In the same order, that is: First Doctor, chorus of doctors, She, chorus of women, then doctor-woman duet, then men and women together.
Chorus: Eggs are often spoiled. The egg can become infected before it is laid. It can contain various bacteria: Staphyllococus albus. Pasturella. Bacillus coli. Bacillus pyocyaneus. Bacillus subtilis. Proteus vulgaris. Bacillus fluorescens putridus. Bacillus prodigiosus.*
Alternating shots of the chorus singing and the rear ends of hens laying eggs.
The film ends with a setting sun, if possible in the form of an egg, accompanied by the chorus singing.
Although Genet didn’t do work for us, I got Beckett, Robbe-Grillet, Marguerite Duras, Ionesco, and Pinter. They all did it. The only ones who turned us down were Günter Grass and Genet. But it was just at the wrong period, it was a time when we thought that somebody would finance Beckett, Pinter, and Ionesco. But this was before PBS. The networks talked to us, but they wouldn’t go for it.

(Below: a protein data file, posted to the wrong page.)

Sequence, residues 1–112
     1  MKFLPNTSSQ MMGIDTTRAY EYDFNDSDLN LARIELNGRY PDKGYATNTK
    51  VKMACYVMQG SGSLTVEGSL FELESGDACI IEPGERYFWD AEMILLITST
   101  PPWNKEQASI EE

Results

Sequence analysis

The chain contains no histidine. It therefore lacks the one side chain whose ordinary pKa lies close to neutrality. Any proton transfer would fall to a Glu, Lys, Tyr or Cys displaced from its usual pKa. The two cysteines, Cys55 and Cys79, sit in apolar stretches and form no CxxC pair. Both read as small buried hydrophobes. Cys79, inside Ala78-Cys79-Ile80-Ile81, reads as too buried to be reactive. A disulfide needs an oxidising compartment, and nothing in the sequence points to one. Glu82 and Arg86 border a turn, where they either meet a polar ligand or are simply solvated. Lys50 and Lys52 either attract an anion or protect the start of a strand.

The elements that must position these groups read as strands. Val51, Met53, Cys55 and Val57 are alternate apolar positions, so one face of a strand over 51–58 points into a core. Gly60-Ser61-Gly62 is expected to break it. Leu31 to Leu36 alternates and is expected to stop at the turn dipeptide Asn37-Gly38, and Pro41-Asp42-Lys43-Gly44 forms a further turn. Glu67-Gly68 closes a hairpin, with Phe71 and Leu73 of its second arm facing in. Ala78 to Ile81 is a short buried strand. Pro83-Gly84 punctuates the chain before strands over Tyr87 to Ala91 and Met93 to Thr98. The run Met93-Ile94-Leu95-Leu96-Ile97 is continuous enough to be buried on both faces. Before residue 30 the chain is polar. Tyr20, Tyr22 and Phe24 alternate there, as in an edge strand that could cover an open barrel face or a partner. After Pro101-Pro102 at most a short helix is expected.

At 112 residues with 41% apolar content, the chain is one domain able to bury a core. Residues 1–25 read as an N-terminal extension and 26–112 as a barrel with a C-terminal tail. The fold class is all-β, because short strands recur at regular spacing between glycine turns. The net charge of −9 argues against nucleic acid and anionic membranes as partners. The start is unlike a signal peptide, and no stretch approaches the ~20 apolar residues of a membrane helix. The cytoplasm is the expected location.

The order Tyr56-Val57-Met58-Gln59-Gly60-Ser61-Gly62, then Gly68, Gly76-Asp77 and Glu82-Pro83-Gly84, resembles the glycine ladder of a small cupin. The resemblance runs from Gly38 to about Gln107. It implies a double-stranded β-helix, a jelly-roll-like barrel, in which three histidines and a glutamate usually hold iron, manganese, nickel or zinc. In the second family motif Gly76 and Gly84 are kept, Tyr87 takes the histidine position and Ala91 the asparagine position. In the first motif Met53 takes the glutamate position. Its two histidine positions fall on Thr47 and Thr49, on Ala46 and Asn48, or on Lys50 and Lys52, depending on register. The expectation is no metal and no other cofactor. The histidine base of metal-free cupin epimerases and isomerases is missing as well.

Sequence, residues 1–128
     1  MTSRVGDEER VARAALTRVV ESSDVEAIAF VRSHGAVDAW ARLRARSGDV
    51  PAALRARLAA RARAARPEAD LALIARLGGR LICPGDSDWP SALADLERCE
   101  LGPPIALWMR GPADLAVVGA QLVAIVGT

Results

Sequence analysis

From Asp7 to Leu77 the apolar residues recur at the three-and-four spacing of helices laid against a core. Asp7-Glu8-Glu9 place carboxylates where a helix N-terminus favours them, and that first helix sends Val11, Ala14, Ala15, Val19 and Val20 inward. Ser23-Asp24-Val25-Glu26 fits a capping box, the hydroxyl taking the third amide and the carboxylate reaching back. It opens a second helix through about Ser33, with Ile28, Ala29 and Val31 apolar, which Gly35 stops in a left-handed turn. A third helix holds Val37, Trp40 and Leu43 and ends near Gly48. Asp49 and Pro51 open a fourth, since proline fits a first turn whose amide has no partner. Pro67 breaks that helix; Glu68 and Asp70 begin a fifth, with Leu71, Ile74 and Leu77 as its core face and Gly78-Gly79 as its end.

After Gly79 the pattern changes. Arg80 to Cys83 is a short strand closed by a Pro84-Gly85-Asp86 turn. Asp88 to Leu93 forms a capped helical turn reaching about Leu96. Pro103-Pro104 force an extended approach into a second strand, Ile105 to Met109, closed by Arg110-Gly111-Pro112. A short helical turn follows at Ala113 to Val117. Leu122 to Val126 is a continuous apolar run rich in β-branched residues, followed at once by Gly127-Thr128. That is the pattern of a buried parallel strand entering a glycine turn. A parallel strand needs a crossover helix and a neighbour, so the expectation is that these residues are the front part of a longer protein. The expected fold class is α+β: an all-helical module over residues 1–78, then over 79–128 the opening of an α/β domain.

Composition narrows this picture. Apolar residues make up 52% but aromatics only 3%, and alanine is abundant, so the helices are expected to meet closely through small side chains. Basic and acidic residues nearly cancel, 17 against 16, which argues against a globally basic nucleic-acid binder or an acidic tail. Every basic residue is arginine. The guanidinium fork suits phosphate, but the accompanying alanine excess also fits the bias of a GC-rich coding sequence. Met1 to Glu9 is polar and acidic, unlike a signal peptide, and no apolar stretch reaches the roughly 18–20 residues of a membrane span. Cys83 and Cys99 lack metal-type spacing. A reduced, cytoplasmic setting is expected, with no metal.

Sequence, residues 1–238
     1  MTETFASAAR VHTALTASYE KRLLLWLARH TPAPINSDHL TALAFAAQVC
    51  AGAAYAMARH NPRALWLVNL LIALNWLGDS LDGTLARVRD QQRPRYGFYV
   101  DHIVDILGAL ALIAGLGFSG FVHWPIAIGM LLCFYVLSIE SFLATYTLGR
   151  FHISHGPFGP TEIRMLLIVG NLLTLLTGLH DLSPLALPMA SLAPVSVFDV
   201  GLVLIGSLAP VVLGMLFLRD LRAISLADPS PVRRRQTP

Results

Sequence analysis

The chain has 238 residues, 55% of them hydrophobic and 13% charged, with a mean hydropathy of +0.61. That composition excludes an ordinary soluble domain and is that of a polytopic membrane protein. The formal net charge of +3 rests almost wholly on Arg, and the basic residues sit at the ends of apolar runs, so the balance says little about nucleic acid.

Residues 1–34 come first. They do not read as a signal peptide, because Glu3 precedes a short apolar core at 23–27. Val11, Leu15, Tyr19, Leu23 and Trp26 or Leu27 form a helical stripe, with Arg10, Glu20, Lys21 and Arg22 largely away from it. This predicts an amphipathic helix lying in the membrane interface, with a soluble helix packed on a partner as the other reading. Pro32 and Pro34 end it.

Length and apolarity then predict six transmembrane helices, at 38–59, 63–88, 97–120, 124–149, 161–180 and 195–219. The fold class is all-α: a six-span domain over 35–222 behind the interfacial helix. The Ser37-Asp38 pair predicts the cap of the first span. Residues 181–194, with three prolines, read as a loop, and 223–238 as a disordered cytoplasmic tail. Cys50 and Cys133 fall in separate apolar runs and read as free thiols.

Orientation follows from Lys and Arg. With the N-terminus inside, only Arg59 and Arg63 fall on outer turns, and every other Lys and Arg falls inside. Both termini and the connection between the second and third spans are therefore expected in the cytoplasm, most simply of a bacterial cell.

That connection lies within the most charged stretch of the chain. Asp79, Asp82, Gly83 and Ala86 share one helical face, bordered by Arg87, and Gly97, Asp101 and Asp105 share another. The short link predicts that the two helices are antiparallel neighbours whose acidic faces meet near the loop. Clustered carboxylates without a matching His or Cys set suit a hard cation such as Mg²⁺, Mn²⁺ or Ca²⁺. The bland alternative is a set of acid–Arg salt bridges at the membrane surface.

We asked Genet if he would write a film for television, and he said,“You can come talk to me if you want.” So Fred and I went to London to see if we could get him to write a script. We get there, and…it was extraordinary. He lectured us for a half an hour. “You want to make it for that video? That TV?” He gave this lecture like an orator in front of an audience of a million people, with these huge gestures, all about the nature of television, which he was totally against. He walked behind the television and said, “Where are the people? Like, what’s behind the TV? Where are the actors? There are no actors there!” And he was right, of course–I know I didn’t argue with him. I was afraid of him. He was a sort of a frightening person when he got angry, and he didn’t like this idea one bit. So, no, he wouldn’t do it.